Wednesday, 25 November 2009
El Subte Línea A & Orugullo Gay
The Buenos Aires subway system, locally known as subte, opened on December 1, 1913, making it the oldest underground system in Latin America, the Southern Hemisphere, and the Spanish-speaking world. On December 2, Línea A (the first subway train to be built) opened to the public, and around 170,000 passangers enjoyed the first subway ride in South America.
I'm not biased, but my line of choice is línea D. When I switched to línea A to meet some friends in El Congreso, I stumbled upon this gold mine of the past. The inside has not strayed from its original wood craftsmanship, and the ceiling loop supporters have defeated all upgrade attempts of the metal bar. I felt like a train stowaway when I manually pulled open the doors and hopped onto the already moving subte; automatic doors have replaced all other lines except Línea A. It was great until everyone in the car jumped off at the next stop. Was it closing? Did I smell? Was this the wrong direction? The only conclusion I came to is that the pure coincidence allowed me some quality one on one time with Línea A in the year 1913. Cool.
Back to the future, my friends and I made our way to the annual Gay Pride march that starts in the historic Plaza de Mayo and ends in El Congreso. Buenos Aires has one of the largest gay communities in Latin America, and this annual parade celebrates the gay community and its progress toward equality. Last year, around 50,000 people marched to the beautiful Congress building, and I don't doubt that this year's number was even higher. People of all styles come to partake in the festivity as gay, lesbian, and transgender floats slowly make their way partying down Avenida de Mayo with endless electronic music, bright colors, gay pride fliers & flags, outrageous costumes, and drinks. The best part, everyone seems happy.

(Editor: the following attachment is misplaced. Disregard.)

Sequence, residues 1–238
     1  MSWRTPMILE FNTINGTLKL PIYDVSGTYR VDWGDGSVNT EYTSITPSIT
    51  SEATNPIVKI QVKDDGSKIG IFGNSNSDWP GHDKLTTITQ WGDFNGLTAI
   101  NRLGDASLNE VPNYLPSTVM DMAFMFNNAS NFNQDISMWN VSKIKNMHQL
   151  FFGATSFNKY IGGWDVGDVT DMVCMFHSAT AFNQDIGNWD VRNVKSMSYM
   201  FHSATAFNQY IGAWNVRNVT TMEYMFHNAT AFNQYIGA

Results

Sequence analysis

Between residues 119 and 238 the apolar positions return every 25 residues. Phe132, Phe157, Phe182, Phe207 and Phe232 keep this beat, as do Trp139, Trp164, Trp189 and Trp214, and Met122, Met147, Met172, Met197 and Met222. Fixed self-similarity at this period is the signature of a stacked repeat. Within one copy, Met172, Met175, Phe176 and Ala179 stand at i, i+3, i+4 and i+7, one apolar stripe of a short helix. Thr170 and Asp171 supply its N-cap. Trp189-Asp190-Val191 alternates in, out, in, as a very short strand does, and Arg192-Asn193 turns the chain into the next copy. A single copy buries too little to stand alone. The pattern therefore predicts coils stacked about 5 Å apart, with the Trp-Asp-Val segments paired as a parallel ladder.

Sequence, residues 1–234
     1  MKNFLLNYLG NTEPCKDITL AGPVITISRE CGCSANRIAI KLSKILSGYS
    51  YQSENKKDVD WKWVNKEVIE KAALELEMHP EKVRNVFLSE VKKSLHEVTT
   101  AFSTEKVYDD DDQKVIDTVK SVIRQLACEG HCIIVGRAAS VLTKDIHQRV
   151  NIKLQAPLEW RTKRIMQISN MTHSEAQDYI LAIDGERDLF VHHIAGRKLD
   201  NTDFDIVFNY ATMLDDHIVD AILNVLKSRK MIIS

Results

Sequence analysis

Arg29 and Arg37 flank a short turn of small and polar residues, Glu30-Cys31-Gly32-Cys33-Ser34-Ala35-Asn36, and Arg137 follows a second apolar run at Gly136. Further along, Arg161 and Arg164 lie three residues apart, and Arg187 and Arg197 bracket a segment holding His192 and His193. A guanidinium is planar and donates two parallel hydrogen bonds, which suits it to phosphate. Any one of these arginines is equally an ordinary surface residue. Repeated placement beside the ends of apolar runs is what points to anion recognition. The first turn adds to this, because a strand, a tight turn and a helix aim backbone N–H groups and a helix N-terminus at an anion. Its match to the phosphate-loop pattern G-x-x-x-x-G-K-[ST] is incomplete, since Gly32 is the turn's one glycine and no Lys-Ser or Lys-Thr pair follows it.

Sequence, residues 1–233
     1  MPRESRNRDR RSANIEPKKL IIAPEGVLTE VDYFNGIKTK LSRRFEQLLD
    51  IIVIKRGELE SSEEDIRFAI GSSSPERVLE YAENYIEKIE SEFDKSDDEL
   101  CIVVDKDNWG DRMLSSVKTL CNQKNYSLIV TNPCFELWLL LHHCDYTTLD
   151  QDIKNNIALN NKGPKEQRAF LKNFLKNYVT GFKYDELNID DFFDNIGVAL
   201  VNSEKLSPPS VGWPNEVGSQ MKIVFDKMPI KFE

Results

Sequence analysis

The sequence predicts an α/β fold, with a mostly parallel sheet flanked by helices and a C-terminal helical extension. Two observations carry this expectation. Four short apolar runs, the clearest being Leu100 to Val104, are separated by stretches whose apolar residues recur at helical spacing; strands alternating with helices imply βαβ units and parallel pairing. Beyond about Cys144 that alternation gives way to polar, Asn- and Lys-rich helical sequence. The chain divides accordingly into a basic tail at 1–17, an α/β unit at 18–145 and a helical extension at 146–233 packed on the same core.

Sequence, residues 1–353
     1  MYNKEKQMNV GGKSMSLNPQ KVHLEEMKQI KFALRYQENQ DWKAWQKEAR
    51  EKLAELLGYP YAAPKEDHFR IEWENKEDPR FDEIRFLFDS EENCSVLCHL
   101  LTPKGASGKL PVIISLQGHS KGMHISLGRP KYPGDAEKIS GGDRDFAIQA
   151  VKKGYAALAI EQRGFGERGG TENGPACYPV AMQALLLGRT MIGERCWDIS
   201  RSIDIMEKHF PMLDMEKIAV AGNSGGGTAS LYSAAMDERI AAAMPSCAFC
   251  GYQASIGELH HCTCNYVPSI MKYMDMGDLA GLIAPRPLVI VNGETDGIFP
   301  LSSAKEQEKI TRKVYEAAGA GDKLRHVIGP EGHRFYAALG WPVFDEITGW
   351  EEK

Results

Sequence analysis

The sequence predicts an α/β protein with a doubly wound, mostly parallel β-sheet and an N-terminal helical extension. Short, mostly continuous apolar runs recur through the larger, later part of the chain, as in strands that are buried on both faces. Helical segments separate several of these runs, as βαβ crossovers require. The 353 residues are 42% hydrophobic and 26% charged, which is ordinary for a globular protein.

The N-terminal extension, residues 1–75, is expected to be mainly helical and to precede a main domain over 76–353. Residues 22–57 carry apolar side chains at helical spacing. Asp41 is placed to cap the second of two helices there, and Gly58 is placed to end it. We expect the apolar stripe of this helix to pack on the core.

Somehow, we ended up on a float, dancing across Av. 9 de Julio, the widest street in the world, at three in the morning. One girl made her guy friend ask me if I was gay. They had a little bet going out of curiosity: she thought I was gay, he maintained I wasn't. Sorry sweets, I'm here for the ride, but the three of us toasted to the night nonetheless. When the floats made a semi-circle in front of the Congress building, it was our time to hop off. We had a blast and ended the night downing two delicious Argentine pizzas with a side of beer. The beauty of 1913 to the beauty of 2009 in one day? Not bad.